Sicko got nominated for Documentary Feature! Hurrah! However, I fear it might lose to No End in Sight. That was OK, but it was kind of like watching a PBS new show about the Iraq war. Also, it wasn't all that surprising or new to people such as myself who have a brain, because it basically thoroughly documents that Bush & company have been lying and doing shady underhanded things about the war from the beginning. Gee, ya think? Unfortunately, there are apparently STILL millions of you out there who somehow don't know this. Why don't you know this? Why didn't you know it in 2004? Why didn't you know it in 2002? You amaze me. No End in Sight is this year's An Inconvenient Truth, on many, many levels. Only minus the lesbian-with-guitar. It also proves that if you would just listen to me, you could be ahead of the curve on not only political issues, but Oscar nominations to boot.

Which means you really should get behind me on the Atonement backlash. Even though I think it would be funny if Saoirse Ronan won supporting actress, since Keira and James didn't even get nominated, I am officially hoping for no wins for Atonement, especially because Cate Blanchett needs to win for I'm Not There, which was also an amazing film, unless Amy Ryan blows me away in Gone Baby Gone, which I haven't seen yet but is saved in my Netflix queue for when it releases on DVD next month.

Back to schoolwork now...man, I really shouldn't have to be at school on a religious holiday such as this...

Monday, January 21, 2008

I still don't get it

Hmmm. Kim D. sort of mostly got my point, Joyce less so. I think this could be my fault, so I will attempt to clarify: I'm not saying "why did Jesus have to die?" I am saying, how ever does dying translate into saving others and giving them life?

I mean, it sounds like we're talking about meat. In meat I see how it works: something dies, and by that death we live.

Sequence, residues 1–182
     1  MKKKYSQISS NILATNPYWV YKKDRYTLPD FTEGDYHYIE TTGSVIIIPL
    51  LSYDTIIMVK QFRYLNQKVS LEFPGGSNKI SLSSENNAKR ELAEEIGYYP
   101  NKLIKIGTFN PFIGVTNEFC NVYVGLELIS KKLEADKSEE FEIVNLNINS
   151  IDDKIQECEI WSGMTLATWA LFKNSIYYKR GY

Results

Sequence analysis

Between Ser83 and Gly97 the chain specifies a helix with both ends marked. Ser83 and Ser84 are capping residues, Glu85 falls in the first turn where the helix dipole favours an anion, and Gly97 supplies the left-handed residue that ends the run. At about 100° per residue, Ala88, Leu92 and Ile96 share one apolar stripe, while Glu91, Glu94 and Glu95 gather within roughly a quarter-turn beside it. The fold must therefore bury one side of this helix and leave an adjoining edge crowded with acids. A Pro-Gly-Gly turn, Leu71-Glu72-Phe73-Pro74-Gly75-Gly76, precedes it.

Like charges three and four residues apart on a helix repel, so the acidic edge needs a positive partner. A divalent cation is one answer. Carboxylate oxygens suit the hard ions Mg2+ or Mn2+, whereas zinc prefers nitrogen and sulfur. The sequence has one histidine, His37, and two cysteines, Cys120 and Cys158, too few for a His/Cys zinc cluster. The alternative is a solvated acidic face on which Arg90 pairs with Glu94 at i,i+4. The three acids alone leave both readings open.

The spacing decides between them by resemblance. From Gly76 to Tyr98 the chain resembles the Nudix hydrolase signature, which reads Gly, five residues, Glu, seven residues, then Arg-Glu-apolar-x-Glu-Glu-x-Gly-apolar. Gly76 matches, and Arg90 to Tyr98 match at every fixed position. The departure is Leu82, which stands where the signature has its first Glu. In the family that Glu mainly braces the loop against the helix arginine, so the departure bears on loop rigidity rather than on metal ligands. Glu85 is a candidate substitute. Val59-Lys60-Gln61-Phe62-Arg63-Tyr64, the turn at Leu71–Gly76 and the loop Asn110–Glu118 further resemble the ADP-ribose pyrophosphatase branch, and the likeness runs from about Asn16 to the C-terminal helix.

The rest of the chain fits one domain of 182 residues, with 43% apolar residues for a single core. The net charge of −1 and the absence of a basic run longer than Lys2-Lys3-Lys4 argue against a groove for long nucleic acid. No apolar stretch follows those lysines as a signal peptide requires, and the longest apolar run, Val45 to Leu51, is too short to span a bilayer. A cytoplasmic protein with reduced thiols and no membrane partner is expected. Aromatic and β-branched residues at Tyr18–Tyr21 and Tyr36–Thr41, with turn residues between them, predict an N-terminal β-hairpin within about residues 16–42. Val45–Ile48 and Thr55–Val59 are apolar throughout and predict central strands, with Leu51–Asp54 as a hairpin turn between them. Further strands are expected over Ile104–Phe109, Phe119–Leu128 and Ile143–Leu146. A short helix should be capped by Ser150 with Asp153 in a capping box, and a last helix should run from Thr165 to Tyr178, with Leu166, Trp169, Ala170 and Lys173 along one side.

In Christianity, I am just not getting it. I am so down with Jesus Christ the person, who lived and died, and all his goodness. He definitely was an enlightened person (and I don't necessarily use "enlightened" in the buddhist sense, although it could apply). But I would hasten to point out that the Romans crucified a lot of people. Jesus was hardly alone. Famously, he wasn't even alone that day, what with reassuring the thief next to him this was just a "see ya later" and all.

So out of all the people to be crucified, this one saves us. HOW?

EVEN IF you are saying "It's because He is God's son..." "He gave his life for us..." (greater love hath no man, etc.) "He was half divine...." I am saying EVEN IF I accepted those statements, then HOW this dying-for-us business?

Come on, someone's got to see that this is at least as wacky as the Mormon notion of everyone eventually getting their own world to populate.

This is not about "why did s/he have to die?" Everyone has to die. (And pay taxes.) This is, why are you ascribing random consequences to this death?

I mean, MLK Jr died, eh. Today we remember this. But no random consequences of his death. Rather, decidedly less random consequences of his LIFE are what I consider to be his legacy.

I now have two things I am just waiting for someone to explain to me satisfactorily: this and Obama.

I shall keep waiting....